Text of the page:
New answers tagged meat
One solution is to sprinkle it with salt and pepper, place it in a small baking dish covered with aluminum foil, and bake in a 325 degree oven for about an hour or so. The fat will render nice and slowly and the meat will crisp up in certain areas. The meat will be delicious in tacos, sandwiches, over pasta, or on its own!
As food safety is the foremost consideration here, I'd say it's OK to cook frozen food right out of the freezer. There's no germs involved, and any surviving germs will be thoroughly cooked by the oven or stove. And cooked germs/microbes taste good! I BBQ meat taken directly from the freezer hundreds of times now. I can attest to the taste of my BBQ! ...
Another option if you have a meat grinder would be to mix it with a leaner cut of meat to increase the fat content when making sausages.
How about making boneless Ribs?
I always save all my scraps to make stock. I'm not sure what you would do with lamb stock, but it would probably make a good sauce to use on lamb. The fat that renders out is also useful for future cooking of whatever it came from (duck fat for duck confit, for example). I just throw all the scraps into a slow cooker with celery, carrot, and onion ...
I am sorry but I have been defrosting boneless chicken breast for at least 4 years ,on the counter and cook it to 160 degrees and have never had a problem (maybe I've been lucky) but my chicken is so tender and have never been sick, ???
1 calorie is the energy needs to heat or cool 1 ccm of water 1 degree C in one second. Let's simplify this question by just saying meat is water...no it's not correct, but I don't know how to handle meat as far as how much meat can a calorie warm or cool by 1 degree, and I think it's close enough to at least get a practical even if not mathematically ...
For water it's 1 Kg = 1 litre. Meat is around 75% water. So for most foods you can roughly say 1 Kg = 1 litre. Give or take some, plus packaging materials and voids in packing So 1500 Kg meat is going to be up to 2000 to 3000 litres! Freezers compressors are rated by their ability to cool quickly only at much smaller capacity than the total capacity of the ...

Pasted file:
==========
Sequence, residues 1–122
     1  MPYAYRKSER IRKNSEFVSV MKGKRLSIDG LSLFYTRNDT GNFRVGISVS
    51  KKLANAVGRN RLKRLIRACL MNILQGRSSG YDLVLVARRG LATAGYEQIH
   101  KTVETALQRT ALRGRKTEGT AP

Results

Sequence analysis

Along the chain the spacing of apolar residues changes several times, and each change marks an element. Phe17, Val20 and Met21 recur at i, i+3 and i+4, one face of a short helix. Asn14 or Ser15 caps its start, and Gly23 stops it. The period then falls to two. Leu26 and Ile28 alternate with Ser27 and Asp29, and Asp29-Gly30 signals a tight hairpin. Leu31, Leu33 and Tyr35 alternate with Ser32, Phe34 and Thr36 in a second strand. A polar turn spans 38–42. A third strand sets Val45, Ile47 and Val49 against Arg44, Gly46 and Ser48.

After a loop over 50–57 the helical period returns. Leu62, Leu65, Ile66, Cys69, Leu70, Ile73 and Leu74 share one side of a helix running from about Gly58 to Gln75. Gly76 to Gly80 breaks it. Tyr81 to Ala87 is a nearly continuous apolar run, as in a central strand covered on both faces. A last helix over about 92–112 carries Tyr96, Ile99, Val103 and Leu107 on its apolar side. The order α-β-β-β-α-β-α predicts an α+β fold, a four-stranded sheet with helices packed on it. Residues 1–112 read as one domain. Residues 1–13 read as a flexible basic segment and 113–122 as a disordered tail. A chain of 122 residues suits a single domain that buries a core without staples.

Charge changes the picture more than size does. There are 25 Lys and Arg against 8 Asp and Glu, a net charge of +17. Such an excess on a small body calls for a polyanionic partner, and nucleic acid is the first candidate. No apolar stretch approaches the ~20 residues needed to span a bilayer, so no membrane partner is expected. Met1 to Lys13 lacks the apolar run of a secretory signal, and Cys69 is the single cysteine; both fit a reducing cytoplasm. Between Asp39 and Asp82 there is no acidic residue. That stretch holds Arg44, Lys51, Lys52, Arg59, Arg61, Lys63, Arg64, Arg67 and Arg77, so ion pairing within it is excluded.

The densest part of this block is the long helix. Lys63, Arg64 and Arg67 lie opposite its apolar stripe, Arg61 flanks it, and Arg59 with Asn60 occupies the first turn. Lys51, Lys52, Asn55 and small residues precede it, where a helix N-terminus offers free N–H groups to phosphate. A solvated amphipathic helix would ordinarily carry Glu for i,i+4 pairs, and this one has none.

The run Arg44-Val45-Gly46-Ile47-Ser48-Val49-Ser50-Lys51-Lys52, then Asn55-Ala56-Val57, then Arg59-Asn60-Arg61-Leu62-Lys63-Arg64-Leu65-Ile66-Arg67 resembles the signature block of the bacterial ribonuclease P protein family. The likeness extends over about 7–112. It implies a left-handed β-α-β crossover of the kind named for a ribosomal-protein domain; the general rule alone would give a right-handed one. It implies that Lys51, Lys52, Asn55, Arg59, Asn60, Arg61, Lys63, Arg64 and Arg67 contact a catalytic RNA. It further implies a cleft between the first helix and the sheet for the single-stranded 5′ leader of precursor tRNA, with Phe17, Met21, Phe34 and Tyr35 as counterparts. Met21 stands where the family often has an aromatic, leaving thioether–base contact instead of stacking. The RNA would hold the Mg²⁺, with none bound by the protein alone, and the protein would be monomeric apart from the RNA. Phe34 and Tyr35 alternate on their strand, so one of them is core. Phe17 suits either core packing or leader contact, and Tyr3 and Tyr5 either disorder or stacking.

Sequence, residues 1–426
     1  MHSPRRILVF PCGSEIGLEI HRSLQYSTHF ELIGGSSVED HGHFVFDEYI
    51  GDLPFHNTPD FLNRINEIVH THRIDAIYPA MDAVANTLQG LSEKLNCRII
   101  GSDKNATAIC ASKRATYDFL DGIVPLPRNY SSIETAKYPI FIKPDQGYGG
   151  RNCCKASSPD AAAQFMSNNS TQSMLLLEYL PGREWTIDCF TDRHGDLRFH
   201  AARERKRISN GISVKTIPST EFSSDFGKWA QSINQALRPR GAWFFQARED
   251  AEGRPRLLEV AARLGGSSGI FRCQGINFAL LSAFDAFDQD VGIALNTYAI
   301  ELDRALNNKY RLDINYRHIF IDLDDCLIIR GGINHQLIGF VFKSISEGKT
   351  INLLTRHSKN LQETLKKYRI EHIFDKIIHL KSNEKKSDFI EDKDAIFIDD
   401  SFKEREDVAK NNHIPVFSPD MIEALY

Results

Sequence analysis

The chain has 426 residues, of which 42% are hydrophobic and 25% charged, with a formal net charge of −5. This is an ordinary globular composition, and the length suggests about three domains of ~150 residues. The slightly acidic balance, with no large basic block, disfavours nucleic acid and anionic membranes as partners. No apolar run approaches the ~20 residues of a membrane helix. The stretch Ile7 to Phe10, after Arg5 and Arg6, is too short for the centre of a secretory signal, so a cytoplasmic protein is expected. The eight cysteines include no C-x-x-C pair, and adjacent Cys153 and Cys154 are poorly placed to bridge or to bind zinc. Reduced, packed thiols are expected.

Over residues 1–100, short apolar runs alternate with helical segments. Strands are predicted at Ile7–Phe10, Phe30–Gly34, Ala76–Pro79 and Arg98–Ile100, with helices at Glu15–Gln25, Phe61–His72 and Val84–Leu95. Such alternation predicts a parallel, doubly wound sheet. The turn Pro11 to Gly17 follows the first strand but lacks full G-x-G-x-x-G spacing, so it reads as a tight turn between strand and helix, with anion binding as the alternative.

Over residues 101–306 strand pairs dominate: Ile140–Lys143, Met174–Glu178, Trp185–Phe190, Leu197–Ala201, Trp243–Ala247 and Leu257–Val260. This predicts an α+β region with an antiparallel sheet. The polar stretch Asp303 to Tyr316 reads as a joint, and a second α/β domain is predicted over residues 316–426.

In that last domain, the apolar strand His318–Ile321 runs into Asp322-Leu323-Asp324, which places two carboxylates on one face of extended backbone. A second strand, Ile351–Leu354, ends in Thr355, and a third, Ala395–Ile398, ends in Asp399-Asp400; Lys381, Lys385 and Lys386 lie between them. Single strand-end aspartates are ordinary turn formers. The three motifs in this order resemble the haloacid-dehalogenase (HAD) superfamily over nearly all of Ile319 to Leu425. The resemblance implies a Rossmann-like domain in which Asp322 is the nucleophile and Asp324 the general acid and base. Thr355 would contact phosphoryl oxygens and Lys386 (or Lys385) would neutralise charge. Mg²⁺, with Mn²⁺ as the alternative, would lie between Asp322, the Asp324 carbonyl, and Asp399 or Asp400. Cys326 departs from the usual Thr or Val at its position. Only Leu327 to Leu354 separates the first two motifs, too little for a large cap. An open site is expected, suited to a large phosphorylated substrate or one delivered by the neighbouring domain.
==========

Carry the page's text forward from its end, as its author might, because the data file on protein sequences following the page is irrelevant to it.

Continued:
This likely doesn't answer the main question in the title, but in the body of the question, you mention: A friend of mine calls herself a vegetarian. I thought a vegetarian is someone who doesn't eat meat or more explicit: Someone who avoid dishes that contain parts of something that has central nervous system or called "animal". But she eats fish. I ...
I believe that fish is meat. Fish is meat because it is an animal. If you disagree then go ahead and put fish into a different food group. Can't do it can you? Fish doesn't fit in any other food group besides meat because it is an animal. Therefore, fish is meat! The actual definition of the word meat is "animal flesh," according to Google. Fish is meat.
At one time various Christian sects regarded fasting as not eating animal meat. In order to find a work-around and still eat animal protein, these sects came up with an artificially convenient re-definition of meat. This new definition, stated fish and meat were separate entities, this way they could fast and still eat fish.
Deuteronomy 14:3-20 of the New International Version Bible lists all the animals that are considered 'CLEAN' to eat. So, at least for followers of the bible, fish is good and shrimp is bad because God said so. I've heard one of the reasons fish is allowed on Fridays in Lent is because fish do not receive the breathe of life through their nostrils, meaning ...
Yes, according to the common food-handling procedures, having food in the 'danger zone' for some time is bad ... however, you've likely pasteurized your meat, as you only need to hold it at 140°F for 12 minutes to pasteurize pork against its normal pathogens. Mind you, it's more than 12 minutes to get the middle up to 140°F, so it's not simply 'it needs to ...
I don't believe they are inversely proportional. You can a tender cut that has a lot of flavor, such as a good rib-eye steak. For flavor, the general rule of thumb is "fat is flavor". Were not talking about all the thick and hard gristle fat on the edges, but the marbled fat speckled in the meat. That fat helps provide flavor and moisture as it breaks ...
Well your in that so called "Danger Zone" for 1-2 hours, but IMO it comes down to whether or not your a germaphobe or not. For me and pretty much everyone I know, that is nothing but for others they may be scheduling a doctors visit as we speak. According to FDA standards and such, you should be mildly concerned. According to real world standards I ...
Eggs. Easy-peasy way to get started and very hard to under-cook. Just try for a simple custard or soft-boiled egg to start. You can mix-and-match fats/oils and spices in different bags along with different cooking times and temps to see what happens. http://www.seriouseats.com/2013/10/sous-vide-101-all-about-eggs.html
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